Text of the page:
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ACPI(4)                  BSD Kernel Interfaces Manual                  ACPI(4)

     acpi -- Advanced Configuration and Power Management support

     device acpi

     options ACPI_DEBUG

     The acpi driver provides support for the Intel/Microsoft/Compaq/Toshiba
     ACPI standard.  This support includes platform hardware discovery (super-
     seding the PnP and PCI BIOS), as well as power management (superseding
     APM) and other features.  ACPI core support is provided by the ACPI CA
     reference implementation from Intel.

     Note that the acpi driver is automatically loaded by the loader(8), and
     should only be compiled into the kernel on platforms where ACPI is manda-

     The acpi driver is intended to provide power management without user
     intervention.  Thus, some of these sysctls are controlled automatically
     by the power_profile rc(8) script, which can be configured via
     rc.conf(5).  If values are specified manually, they may be overridden.

             Debugging information listing the percent of total usage for each
             sleep state.  The values are reset when hw.acpi.cpu.cx_lowest is

             Lowest Cx state to use for idling the CPU.  A scheduling algo-
             rithm will select states between C1 and this setting as system
             load dictates.  To enable ACPI CPU idling control,
             machdep.cpu_idle_hlt must be set to 1.

             List of supported CPU idle states and their transition latency in
             microseconds.  Each state has a type (e.g., C2).  C1 is equiva-
             lent to the ia32 HLT instruction, C2 provides a deeper sleep with
             the same semantics, and C3 provides the deepest sleep but addi-
             tionally requires bus mastering to be disabled.  States greater
             than C3 provide even more power savings with the same semantics
             as the C3 state.  Deeper sleeps provide more power savings but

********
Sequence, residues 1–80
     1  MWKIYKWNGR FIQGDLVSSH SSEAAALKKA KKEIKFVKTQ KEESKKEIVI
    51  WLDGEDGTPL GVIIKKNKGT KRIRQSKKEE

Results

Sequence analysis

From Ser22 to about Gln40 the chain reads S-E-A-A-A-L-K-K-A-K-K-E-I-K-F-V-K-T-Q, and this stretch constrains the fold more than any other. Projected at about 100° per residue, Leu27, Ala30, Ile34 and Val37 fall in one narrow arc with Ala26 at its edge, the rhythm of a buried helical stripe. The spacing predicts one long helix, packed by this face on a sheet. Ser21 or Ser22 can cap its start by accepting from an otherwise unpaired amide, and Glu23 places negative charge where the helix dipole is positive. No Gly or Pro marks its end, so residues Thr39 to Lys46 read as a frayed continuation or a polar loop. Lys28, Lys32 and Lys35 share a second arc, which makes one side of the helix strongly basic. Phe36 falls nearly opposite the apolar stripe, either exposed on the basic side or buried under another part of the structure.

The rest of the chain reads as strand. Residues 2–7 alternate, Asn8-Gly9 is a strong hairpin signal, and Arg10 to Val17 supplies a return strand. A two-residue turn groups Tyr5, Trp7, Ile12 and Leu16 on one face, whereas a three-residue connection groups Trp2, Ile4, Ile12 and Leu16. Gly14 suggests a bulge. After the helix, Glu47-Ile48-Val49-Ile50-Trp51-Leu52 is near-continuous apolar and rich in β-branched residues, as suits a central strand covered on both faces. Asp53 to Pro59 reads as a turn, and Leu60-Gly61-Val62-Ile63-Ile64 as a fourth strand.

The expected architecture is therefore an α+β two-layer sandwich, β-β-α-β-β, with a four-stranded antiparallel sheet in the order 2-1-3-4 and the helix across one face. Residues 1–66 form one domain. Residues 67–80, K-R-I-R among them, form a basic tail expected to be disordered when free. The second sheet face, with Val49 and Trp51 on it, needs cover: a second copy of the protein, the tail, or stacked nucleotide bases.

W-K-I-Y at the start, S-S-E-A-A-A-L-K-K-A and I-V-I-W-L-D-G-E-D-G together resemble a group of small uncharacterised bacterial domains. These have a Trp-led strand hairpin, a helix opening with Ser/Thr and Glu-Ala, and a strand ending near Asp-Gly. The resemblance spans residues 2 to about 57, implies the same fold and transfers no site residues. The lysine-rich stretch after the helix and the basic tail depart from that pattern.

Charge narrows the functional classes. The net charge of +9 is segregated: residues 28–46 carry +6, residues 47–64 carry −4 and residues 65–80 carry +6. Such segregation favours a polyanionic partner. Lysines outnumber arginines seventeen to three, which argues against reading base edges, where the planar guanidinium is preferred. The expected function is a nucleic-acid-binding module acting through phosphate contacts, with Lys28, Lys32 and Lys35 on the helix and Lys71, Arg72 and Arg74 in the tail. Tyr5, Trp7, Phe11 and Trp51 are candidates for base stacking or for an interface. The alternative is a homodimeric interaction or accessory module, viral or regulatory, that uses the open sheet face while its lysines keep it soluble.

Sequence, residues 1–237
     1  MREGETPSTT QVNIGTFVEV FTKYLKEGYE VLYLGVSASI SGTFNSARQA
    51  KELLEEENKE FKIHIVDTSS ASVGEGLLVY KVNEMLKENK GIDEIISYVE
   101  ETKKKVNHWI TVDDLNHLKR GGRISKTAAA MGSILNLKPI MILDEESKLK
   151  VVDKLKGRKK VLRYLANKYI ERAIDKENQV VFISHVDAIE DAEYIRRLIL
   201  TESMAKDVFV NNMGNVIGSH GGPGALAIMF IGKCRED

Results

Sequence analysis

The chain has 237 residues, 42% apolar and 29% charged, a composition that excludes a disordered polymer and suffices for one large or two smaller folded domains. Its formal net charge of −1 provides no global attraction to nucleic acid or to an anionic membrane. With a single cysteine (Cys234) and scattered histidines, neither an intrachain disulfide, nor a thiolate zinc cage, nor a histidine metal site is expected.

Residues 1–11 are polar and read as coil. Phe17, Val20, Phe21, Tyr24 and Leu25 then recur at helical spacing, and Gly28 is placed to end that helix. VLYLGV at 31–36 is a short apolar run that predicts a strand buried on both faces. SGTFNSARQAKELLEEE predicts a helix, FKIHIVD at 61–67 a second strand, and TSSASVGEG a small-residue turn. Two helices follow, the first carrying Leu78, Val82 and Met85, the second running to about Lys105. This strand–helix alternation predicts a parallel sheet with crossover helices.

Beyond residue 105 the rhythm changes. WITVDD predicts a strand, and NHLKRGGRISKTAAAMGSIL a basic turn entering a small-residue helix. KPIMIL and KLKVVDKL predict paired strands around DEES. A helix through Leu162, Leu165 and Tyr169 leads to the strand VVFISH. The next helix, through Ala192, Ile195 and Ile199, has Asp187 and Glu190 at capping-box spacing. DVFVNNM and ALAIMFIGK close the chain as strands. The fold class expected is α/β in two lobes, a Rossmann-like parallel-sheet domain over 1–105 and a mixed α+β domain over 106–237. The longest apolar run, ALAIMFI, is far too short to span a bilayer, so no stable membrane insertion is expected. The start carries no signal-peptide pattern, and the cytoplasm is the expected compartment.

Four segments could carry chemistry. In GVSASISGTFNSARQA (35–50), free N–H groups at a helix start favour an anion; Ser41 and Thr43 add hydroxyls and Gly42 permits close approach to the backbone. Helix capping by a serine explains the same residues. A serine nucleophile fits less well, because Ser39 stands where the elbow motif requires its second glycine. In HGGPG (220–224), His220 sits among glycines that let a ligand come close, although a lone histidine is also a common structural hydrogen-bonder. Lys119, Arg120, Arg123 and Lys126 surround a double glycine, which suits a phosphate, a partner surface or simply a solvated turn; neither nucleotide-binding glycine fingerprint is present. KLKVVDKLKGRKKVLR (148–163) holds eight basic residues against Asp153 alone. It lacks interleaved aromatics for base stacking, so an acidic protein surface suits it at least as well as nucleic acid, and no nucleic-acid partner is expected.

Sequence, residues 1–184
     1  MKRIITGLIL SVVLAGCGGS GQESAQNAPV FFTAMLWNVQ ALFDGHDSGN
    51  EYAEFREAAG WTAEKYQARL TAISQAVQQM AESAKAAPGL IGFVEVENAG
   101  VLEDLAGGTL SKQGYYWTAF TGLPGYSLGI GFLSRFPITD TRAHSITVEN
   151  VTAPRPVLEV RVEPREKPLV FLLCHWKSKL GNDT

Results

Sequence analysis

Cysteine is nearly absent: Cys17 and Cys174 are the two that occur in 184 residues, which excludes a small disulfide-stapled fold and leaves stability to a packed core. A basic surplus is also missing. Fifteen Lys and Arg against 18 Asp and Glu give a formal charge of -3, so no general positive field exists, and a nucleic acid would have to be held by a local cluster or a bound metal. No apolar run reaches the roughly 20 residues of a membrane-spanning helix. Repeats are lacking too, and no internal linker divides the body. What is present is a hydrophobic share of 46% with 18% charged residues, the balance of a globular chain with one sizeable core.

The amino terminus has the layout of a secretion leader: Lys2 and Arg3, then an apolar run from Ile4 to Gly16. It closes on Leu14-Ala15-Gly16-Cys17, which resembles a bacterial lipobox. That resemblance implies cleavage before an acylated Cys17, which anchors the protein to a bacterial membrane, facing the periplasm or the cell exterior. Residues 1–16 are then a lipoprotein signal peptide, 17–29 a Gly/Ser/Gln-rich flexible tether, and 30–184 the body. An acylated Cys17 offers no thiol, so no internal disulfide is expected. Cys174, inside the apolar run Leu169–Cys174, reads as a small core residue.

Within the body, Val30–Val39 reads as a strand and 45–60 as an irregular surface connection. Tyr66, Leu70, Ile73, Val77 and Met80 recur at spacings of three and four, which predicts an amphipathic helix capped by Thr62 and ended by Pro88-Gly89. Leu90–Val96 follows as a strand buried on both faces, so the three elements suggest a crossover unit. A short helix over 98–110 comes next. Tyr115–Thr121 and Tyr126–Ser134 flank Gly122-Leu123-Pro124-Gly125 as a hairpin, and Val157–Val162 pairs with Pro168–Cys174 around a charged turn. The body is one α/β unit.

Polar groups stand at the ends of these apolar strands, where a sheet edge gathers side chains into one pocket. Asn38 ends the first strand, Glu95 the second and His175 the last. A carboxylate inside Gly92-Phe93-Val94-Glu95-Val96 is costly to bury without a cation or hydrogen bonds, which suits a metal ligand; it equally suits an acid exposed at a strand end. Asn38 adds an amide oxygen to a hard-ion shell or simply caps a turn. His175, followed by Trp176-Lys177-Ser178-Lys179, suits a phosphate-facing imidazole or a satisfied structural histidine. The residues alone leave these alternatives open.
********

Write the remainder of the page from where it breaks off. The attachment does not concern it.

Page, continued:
increased transition latency when an interrupt occurs.

     Tunables can be set at the loader(8) prompt before booting the kernel or
     stored in /boot/loader.conf.

             Enables loading of a custom ACPI DSDT.

             Name of the DSDT table to load, if loading is enabled.

             Selectively disables portions of ACPI for debugging purposes.

             Specify the number of task threads that are started on boot.
             Limiting this to 1 may help work around various BIOSes that can-
             not handle parallel requests.  The default value is 3.

             Override any automatic quirks completely.

             Set this to 1 to disable all of ACPI.  If ACPI has been disabled
             on your system due to a blacklist entry for your BIOS, you can
             set this to 0 to re-enable ACPI for testing.

             Delay in milliseconds to wait for the EC to respond.  Try
             increasing this number if you get the error

             Override the assumed memory starting address for PCI host

             Override the interrupt to use.

             Enables calling the VESA reset BIOS vector on the resume path.
             Some graphic chips have problems such as LCD white-out after
             resume.  Try setting this to 0 if this causes problems for you.

             Allow override of whether methods execute in parallel or not.
             Enable this for serial behavior, which fixes "AE_ALREADY_EXISTS"
             errors for AML that really cannot handle parallel method execu-
             tion.  It is off by default since this breaks recursive methods
             and some IBMs use such code.

             Turn on verbose debugging information about what ACPI is doing.

     Since ACPI support on different platforms varies greatly, there are many
     debugging and tuning options available.

     For machines known not to work with acpi enabled, there is a BIOS black-
     list.  Currently, the blacklist only controls whether acpi should be dis-
     abled or not.  In the future, it will have more granularity to control